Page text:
Management of Funding

The EEAS is not just about Foreign Policy, it is also about External Action. For those less familiar with the finer distinctions of EU policy and the EU Treaties, this may be a confusing idea. What’s the difference between Foreign Policy and External Action? This is not the place to go into detail but essentially, and for the purpose of this discussion, this relates specifically to development cooperation (and the funding of that cooperation), the financial assistance available to countries in the European Neighbourhood, the financial assistance available to countries that are likely to join the European Union in the medium term, and the support for crisis management and peacebuilding and conflict prevention. All this is funded through a range of so-called Financial Instruments.

Prior to the advent of the EEAS, policies were made and funds managed as follows:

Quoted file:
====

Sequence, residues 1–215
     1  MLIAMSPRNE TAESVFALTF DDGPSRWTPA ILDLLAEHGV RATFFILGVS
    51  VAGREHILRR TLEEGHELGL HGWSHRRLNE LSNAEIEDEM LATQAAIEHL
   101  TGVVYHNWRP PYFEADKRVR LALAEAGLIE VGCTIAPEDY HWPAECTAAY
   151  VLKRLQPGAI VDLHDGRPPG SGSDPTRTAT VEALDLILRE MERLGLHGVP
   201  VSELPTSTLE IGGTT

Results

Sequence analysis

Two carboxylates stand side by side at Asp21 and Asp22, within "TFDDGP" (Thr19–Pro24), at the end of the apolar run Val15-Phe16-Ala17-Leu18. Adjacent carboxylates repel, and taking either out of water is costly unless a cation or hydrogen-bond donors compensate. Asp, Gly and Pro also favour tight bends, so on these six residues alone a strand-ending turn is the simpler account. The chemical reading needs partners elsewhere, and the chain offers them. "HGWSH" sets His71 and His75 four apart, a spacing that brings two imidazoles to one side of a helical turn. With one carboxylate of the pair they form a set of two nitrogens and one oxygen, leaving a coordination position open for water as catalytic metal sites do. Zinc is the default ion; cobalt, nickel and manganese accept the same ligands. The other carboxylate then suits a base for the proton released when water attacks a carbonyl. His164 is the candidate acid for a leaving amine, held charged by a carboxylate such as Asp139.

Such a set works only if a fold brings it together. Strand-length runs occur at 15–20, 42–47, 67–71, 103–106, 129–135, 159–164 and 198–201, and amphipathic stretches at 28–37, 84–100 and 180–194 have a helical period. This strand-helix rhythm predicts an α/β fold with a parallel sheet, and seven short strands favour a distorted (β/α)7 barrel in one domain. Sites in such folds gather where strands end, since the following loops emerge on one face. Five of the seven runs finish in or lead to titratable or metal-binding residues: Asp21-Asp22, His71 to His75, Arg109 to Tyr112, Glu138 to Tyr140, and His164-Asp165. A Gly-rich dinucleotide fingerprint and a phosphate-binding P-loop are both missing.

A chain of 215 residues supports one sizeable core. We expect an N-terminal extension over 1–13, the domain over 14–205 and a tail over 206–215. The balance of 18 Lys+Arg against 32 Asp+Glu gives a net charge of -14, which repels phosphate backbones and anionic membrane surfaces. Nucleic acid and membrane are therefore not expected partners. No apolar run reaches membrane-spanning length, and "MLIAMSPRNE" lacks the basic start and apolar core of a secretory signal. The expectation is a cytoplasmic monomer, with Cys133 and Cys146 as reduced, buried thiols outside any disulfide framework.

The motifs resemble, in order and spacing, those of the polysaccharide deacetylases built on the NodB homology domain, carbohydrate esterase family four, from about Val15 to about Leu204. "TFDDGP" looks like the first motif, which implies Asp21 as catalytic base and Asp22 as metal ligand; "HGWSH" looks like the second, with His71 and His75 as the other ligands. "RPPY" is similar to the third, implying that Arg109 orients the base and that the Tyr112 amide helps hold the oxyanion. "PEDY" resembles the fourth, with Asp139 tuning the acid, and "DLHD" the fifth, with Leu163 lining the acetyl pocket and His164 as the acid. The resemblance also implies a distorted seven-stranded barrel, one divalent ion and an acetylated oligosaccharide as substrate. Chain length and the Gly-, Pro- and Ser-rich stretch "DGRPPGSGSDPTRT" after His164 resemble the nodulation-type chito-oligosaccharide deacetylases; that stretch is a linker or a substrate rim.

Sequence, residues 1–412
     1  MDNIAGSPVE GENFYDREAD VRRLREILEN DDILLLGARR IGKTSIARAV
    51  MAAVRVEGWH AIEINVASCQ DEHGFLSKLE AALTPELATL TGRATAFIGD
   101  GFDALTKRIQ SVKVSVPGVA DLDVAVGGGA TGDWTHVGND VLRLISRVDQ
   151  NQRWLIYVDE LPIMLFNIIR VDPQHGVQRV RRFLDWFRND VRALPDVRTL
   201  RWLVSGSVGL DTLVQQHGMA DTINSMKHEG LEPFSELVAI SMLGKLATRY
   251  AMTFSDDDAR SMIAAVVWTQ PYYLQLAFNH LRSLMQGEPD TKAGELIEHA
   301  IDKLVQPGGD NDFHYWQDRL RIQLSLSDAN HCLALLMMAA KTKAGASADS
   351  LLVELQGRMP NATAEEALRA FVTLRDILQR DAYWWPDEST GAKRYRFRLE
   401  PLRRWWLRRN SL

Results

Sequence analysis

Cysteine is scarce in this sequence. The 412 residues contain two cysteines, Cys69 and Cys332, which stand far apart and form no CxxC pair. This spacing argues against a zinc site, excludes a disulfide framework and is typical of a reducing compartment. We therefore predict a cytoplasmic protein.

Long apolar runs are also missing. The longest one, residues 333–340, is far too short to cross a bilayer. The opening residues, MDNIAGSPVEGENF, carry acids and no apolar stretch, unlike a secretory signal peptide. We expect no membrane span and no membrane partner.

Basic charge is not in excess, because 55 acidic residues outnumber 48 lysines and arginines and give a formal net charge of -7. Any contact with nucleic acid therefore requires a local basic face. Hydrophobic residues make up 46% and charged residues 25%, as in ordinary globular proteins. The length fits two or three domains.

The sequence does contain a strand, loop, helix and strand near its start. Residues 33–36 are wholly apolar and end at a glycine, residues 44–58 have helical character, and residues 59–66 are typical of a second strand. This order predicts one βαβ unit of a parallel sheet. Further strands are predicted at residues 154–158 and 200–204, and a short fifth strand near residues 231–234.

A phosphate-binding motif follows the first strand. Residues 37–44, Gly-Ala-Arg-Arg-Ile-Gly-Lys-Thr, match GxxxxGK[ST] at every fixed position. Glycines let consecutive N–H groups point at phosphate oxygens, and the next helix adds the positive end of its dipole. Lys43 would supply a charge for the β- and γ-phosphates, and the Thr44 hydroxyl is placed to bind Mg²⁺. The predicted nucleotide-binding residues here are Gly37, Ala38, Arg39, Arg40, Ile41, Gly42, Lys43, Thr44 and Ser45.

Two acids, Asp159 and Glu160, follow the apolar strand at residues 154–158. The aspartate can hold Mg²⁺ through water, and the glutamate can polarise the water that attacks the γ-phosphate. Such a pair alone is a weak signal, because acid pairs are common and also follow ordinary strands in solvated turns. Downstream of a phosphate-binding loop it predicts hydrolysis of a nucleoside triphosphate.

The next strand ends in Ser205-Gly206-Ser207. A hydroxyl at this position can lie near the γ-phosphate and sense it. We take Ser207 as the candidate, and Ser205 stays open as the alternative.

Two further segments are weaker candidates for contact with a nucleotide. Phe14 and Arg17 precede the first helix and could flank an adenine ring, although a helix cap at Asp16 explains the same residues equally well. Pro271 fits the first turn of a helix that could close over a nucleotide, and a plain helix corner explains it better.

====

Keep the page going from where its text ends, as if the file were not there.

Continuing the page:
Financial Instrument Policy Responsibility Management of Funding

Instrument for Development Cooperation

Directorate General for Development

EuropeAid

European Development Fund

Directorate General for Development

EuropeAid

European Instrument for Democracy and Human Rights

Directorate General for External Relations (RELEX)

EuropeAid

Instrument for Stability

Directorate General for External Relations (RELEX)

EuropeAid and RELEX

European Neighbourhood Instrument

Directorate General for External Relations (RELEX)

EuropeAid

Instrument for Pre-Accession

Directorate General for Enlargement

Directorate General for Enlargement

The EEAS was intended to consolidate the Foreign Policy and External Action work of the European Union and it therefore could be expected that the management of the funding had been, similarly, consolidated. The picture now is, however:

Financial Instrument Policy Responsibility Management of Funding

Instrument for Development Cooperation

EEAS